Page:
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Last week we considered the work of God on our hearts, causing us to be a people who are marked by generous hearts. Generosity is to be a character trait of the Christian person and it should end up being reflected in all of life. However, just because such heart-work is Holy-Spirit-work does not mean that it will happen automatically and without some difficulty. The Bible teaches us to “not quench the Spirit” (1 Thessalonians 5:19 NRSV), which means of course that we can quench or stifle the work of the Holy Spirit.

One of the quickest ways of quenching the Spirit’s work in our lives is through pride. Pride kills the generosity in our hearts before we even get started. We think to ourselves “I do generous things. I am generous. I have a generous heart. I am generous enough!” See what such thinking does? It cuts us off from growing further. We may well be generous, and may seem especially so when compared with others, but when pride hits, growth stops. Even the best givers among us have room for heart-growth in generosity.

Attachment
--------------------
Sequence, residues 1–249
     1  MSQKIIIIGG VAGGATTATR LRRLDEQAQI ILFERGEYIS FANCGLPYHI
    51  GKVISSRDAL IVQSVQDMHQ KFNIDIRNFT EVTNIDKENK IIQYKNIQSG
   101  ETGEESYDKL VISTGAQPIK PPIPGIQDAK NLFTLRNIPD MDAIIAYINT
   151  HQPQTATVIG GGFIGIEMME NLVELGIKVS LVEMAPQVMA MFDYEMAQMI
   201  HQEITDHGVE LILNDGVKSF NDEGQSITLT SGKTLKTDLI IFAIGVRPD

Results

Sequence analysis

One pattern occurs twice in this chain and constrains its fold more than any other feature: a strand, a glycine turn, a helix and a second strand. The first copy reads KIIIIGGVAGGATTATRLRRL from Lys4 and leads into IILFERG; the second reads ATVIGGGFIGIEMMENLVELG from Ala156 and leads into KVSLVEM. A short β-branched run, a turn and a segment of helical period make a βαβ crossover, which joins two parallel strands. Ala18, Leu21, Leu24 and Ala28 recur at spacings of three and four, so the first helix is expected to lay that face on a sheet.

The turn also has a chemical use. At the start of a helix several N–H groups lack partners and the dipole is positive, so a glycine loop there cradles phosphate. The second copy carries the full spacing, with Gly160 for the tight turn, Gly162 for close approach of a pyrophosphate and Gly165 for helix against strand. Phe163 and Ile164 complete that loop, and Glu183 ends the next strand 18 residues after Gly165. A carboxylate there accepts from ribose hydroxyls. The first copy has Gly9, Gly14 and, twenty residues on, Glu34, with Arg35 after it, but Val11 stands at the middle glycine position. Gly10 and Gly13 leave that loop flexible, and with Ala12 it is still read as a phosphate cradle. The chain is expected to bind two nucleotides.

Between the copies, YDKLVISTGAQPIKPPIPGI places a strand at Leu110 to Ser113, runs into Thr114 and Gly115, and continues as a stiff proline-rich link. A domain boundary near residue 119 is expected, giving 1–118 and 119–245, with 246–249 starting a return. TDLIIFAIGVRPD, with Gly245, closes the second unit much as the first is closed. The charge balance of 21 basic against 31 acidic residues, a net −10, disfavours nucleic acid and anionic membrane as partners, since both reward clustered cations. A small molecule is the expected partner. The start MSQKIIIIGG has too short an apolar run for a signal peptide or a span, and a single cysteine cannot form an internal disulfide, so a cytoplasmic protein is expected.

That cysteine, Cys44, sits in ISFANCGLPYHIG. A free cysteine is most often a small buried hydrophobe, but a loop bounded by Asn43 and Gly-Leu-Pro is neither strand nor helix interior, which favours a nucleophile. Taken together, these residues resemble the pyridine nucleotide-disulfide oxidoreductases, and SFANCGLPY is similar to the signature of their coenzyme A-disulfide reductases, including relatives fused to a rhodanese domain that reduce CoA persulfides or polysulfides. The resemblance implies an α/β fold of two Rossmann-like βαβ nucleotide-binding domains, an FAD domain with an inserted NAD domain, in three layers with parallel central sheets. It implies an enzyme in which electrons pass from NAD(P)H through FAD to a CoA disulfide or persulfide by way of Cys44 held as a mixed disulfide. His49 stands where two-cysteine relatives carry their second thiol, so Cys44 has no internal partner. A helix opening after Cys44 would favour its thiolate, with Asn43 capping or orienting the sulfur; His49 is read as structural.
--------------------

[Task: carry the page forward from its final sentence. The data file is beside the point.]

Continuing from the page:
So how do we keep ourselves from aiming a fire hose at the generosity-fire the Holy Spirit has lit in our hearts?

Let me begin with an example. One area in which pride can quickly grow in me is in my ability to play bass guitar. Having participated in numerous bands with a diversity of styles I have progressed in my abilities. Though signing far less autographs than the frontman or guitarist, I have received much affirmation as a bass player. However, when I see, hear, or am with a really good bass player, I want to never play bass again! Instead I want to leave it to the masters and go back to jamming alone in my basement. This is an experience of humility, a recognition that I have so much more to learn. So the trick to dealing with pride is to spend time with a master. And when it comes to generosity there is no master greater than the Master Himself. Consider that God the Father is: